There’s a large cane basket that sits on the floor in the front room; it’s used to store most of our photo albums. I don’t remember the last time an album was taken from the basket; they sit in the basket as if they were a game of Stack Tower. The basket’s duty these days is to serve as a decorative piece and occupy the negative space in front of the didgeridoo. At one time the albums were kept within easy reach on a bookcase shelf or a side table. They were searched at random, or each page of an album was methodically turned releasing treasured memories of long ago holidays, family gatherings, birthdays, and special events. Most of the albums have plastic pages with six pockets on each side holding the pictures; some have a clear plastic overlay coated with an adhesive to hold the pictures onto the page. And there may be an album where the prints are held in place with decorative photo mounting corners. I remember when the pages of photo albums were always sheets of black paper. You’d carefully put a photo mounting corner onto a black and white photo, lick them, and then hold the photo in place on the page until the glue spit stuff on the photo corners was somewhat dry.
Years ago we licked a lot of stuff. You never worried about where a stamp for an envelope had been; you’d just lick the back of it and stick it onto an envelope. If you collected stamps you’d use a stamp hinge to mount them in your stamp collectors album. The hinge was a small piece of transparent paper with glue on one side. You’d lick the side with the glue and try to put half of the licked sticky side onto the back of the stamp, and then fold the hinge so it would stick onto a page in the stamp album. And you did this all before your spit dried, and the stickiness stopped being sticky. Licking stuff was just second nature. You always licked the icing off a Tic Toc biscuit before eating it, and you always licked you fingers or wherever the sauce and meat had dropped when you were eating eating a pie and sauce, and you always licked the beaters after mum had whipped the cream for her cakes with the Mixmaster.
Back then you never really knew what you had taken a picture of until you picked up your printed photos from the chemist shop. You’d point the camera at something, look down and through the view finder to see what the camera was pointed at, and then push the shutter button on the side of the camera. I think I had a Kodak Brownie Flash II. You got your Kodak black and white film at the chemist shop; 8 pictures to a roll. The film was wound on a spool that would slip into the camera.
You’d take the exposed film back to the chemist to be sent away for processing and printing; it would seem like an eternity, but the next week your photos were in a Kodak envelope waiting to be picked up. Before you left the shop you’d breathlessly reach into the envelope for your black and white memories; most times only half of the eight were in focus, well framed, or properly exposed. And you would carefully put a photo mounting corner onto the corners of each black and white photo, lick them, and then hold the photo in place on the page of a photo album.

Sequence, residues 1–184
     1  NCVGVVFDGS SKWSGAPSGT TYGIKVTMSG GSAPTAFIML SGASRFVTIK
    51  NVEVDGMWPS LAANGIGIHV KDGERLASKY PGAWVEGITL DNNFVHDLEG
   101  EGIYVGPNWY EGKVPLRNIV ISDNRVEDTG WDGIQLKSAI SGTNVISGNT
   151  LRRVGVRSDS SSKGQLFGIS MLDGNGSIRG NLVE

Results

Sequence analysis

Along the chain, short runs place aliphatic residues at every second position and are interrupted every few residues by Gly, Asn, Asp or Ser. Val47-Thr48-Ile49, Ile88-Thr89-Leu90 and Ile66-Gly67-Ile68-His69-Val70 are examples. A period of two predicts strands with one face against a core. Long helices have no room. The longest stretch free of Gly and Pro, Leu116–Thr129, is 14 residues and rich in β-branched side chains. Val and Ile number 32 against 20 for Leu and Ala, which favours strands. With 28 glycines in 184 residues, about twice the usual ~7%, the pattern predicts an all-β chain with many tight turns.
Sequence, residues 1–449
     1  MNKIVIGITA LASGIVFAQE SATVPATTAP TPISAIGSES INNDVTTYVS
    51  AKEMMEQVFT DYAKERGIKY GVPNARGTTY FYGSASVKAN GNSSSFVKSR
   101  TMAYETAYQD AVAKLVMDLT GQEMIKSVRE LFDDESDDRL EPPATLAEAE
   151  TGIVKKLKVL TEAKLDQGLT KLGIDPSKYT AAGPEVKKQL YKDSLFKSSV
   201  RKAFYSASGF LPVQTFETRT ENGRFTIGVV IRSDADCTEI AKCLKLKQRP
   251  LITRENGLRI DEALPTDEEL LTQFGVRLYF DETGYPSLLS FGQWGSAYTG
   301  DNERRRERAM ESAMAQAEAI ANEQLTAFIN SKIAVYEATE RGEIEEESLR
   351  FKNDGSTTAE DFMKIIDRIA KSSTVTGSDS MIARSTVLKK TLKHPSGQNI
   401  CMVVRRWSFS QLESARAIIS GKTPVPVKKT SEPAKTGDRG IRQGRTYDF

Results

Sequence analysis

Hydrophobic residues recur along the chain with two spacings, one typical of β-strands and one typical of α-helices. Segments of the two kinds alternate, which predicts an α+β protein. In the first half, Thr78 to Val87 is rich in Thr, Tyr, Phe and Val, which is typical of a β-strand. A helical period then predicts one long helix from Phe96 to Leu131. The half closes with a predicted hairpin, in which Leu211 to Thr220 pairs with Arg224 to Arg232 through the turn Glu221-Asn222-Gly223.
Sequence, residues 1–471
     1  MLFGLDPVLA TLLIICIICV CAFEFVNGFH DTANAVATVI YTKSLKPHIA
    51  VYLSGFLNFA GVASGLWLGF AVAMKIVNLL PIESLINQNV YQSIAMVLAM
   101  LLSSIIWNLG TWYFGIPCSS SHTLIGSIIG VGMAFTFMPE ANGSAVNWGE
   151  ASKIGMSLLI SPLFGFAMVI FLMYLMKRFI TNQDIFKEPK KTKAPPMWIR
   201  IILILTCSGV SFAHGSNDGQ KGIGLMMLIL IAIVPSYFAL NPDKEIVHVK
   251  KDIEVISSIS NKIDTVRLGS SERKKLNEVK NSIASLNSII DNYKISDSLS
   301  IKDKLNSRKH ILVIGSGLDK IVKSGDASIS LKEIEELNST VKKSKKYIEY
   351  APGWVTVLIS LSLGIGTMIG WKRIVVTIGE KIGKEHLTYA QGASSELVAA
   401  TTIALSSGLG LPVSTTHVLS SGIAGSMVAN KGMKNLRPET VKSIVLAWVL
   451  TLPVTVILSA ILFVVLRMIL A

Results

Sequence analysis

I think at one time photo’s were somewhat personal. Photo albums weren’t passed around or given to friends to enjoy; they were personal keepsakes. You never really knew what attractions, buildings, scenes, or destinations your friends had preserved from their holiday’s as personal memories. When relatives or friends did share their albums it was unusual to find two identical photographs; a well known attraction may have been photographed from the same viewing place but there was always a difference in the angle or direction. It’s different today. It seems that images are captured, and then immediately shared on the myriad of social networks, or uploaded and distributed through cloud based databases. A quick search through these online resources shows that most people have photographed the same buildings, attractions, and landmarks from the same viewing place, at the same angle, and from the same direction. Data suggests that 35% of the online photographs of the Eiffel Tower are taken from the same three angles and that 85% of the photos of Machu Picchu are from the same spots; creating nearly half a million identical images on Instagram. It would seem that Instagram and TripAdvisor are not only used for inspiration of where to go for a holiday, but what to photograph and visit.
And so I started musing. Why not provide different images of the same attractions and landmarks for all those bored with seeing the same images; and what if there was an online database of images of the world’s finest beaches, mountains, rivers, lakes and glaciers, rain forests, cultural monuments, heritage sites, important historical and political sites, and architectural structures taken from different perspectives. And to ensure the integrity of “a not the same old images” database an image would be subjected to a content analysis script before it could be uploaded. If the content analysis script determined that a similar image already existed in the database, then the image awaiting uploading would be rejected; no two images would be the same.